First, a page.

Stephen Fry

"Education is the sum of what students teach each other in between lectures and seminars. " - Stephen Fry

Monday, 16 July 2012

Running the Ocaml Server - Demo Pt 1

I've got some code here and here in OCaml & Java, that I have been tasked with running, testing and fixing. I've already taken a look at the basic syntax but now its time to get to grips with some the libraries and related packages that Signposts makes use off.


The first thing that took me by surprise was the number of files in the repo, considering that this is suppose to be a fairly straight forward project.


The repo contains a file called “_oasis”, which on closer inspection includes a collection of metadata on the project. OASIS is a tools to integrate a configure, build and install system into an OCaml project. The _oasis files tells me that the entry point for the program is “” and the build dependences are the findlib packages lwt.syntax, lwt.unix, re, re.str.

The creater of the program will have ran oasis setup”, which has generated, _tags and

According to the instructions for OASIS you can configure, build and install the Ocaml program using:

  • ocaml -configure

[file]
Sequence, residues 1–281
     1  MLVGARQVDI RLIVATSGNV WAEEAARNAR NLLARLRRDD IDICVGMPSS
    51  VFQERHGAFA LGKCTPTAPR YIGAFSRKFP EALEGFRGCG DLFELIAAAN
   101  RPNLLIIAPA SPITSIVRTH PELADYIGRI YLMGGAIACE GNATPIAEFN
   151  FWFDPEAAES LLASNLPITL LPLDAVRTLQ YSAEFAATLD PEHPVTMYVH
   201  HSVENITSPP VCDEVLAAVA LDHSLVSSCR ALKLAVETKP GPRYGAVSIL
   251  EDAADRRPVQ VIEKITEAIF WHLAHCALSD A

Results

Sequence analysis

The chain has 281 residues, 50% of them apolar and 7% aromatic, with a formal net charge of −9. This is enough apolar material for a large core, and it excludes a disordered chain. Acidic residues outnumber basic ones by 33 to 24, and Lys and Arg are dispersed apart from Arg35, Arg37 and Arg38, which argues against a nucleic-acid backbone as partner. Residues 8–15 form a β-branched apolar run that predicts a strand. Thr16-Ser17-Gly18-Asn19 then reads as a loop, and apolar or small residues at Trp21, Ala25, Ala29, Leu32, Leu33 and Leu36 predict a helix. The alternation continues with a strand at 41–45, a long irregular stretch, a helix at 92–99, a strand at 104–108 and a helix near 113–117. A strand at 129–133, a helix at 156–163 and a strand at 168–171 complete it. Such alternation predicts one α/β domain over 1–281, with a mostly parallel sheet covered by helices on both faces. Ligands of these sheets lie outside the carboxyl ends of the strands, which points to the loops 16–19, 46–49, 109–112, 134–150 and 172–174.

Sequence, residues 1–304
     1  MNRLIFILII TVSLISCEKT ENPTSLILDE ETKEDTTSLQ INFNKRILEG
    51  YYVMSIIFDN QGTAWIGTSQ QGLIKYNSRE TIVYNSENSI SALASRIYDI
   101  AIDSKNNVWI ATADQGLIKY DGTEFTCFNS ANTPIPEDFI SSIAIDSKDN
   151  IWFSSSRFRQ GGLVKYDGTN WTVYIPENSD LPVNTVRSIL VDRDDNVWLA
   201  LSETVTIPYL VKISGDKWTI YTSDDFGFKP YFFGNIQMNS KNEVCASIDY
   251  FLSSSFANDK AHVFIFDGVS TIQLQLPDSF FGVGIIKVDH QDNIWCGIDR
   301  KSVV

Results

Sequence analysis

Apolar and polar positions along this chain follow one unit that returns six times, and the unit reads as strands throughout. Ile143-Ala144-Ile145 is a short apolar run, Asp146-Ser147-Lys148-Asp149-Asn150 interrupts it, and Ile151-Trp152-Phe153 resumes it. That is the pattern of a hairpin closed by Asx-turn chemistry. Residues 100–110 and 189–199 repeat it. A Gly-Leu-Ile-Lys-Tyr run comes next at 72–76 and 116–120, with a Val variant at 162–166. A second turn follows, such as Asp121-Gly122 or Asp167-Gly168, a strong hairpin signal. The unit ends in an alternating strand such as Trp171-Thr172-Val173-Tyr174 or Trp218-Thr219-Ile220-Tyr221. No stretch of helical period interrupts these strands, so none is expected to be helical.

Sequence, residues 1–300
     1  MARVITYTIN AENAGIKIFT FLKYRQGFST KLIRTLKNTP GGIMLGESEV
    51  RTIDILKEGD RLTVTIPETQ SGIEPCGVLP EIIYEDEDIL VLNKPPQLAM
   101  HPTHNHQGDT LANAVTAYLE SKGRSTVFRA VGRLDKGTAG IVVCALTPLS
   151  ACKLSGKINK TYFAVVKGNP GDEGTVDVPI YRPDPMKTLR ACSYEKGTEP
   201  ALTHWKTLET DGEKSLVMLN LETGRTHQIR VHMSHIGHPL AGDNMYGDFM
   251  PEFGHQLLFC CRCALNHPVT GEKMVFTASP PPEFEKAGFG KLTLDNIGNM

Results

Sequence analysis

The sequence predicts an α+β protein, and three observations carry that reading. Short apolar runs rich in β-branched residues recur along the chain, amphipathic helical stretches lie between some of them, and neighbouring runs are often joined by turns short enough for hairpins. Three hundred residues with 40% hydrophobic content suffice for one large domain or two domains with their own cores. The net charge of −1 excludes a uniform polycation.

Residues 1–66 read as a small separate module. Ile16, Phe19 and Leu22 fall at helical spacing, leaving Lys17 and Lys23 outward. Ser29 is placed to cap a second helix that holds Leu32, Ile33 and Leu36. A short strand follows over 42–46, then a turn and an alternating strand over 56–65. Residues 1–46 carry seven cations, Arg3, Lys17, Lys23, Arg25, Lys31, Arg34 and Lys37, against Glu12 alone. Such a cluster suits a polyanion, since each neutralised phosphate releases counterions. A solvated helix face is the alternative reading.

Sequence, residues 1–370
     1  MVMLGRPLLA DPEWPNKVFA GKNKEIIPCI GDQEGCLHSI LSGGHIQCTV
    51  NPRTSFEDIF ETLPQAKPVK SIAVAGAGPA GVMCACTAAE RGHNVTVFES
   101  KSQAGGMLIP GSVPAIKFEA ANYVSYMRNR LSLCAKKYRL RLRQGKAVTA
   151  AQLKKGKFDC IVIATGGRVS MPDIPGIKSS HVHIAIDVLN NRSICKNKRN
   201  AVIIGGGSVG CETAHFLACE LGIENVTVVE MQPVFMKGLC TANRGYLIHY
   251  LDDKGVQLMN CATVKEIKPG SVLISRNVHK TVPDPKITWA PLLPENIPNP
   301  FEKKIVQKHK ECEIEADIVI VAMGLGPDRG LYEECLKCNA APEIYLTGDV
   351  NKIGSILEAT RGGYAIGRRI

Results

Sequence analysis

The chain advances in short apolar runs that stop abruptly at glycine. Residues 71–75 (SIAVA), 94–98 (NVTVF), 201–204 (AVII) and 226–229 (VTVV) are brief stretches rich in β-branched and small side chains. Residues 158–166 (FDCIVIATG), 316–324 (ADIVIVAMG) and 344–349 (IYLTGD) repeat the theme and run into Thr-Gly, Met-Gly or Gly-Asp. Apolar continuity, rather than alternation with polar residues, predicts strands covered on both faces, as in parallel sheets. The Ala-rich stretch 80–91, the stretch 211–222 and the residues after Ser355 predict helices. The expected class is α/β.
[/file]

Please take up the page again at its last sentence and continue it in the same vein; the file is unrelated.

• ocaml -build

  • ocaml -install


The file makes use of Re_str and two of the biuld dependences are the findlib packages re and re.str. I have found the packages here on github. Re stands for Regular expression and ocaml-re is a regular expression library doe Ocaml (that is still under development). This project has also made use of OASIS and installs without a problem

Compiling the Code

I cd into the directory and run ocaml -configure, ocaml -build and ocaml -install. This generates a new dirctory “_biuld” and a new link to an executable in _biuld

Running the Code

I run a link to the execuated in _biuld and it return the following error:
Fatal error: exception Unix.Unix_error(50, "bind", "")

This means that the socked that the code is try to bind to is already in use. I inspected the code, identified the ports that were being used and ran “sudo netstat -ap | grep ':<portnumber>' “. This identified a process already using the port, the process was in fact an earlier attempt to run the project. I identified the process ID and killed the process, re-running “sudo netstat -ap | grep ':<portnumber>' “ showed that the port was now free. I can now happily run the executable in the _build directory. As this is a client-server implementation, I now need to move my attention to the client code

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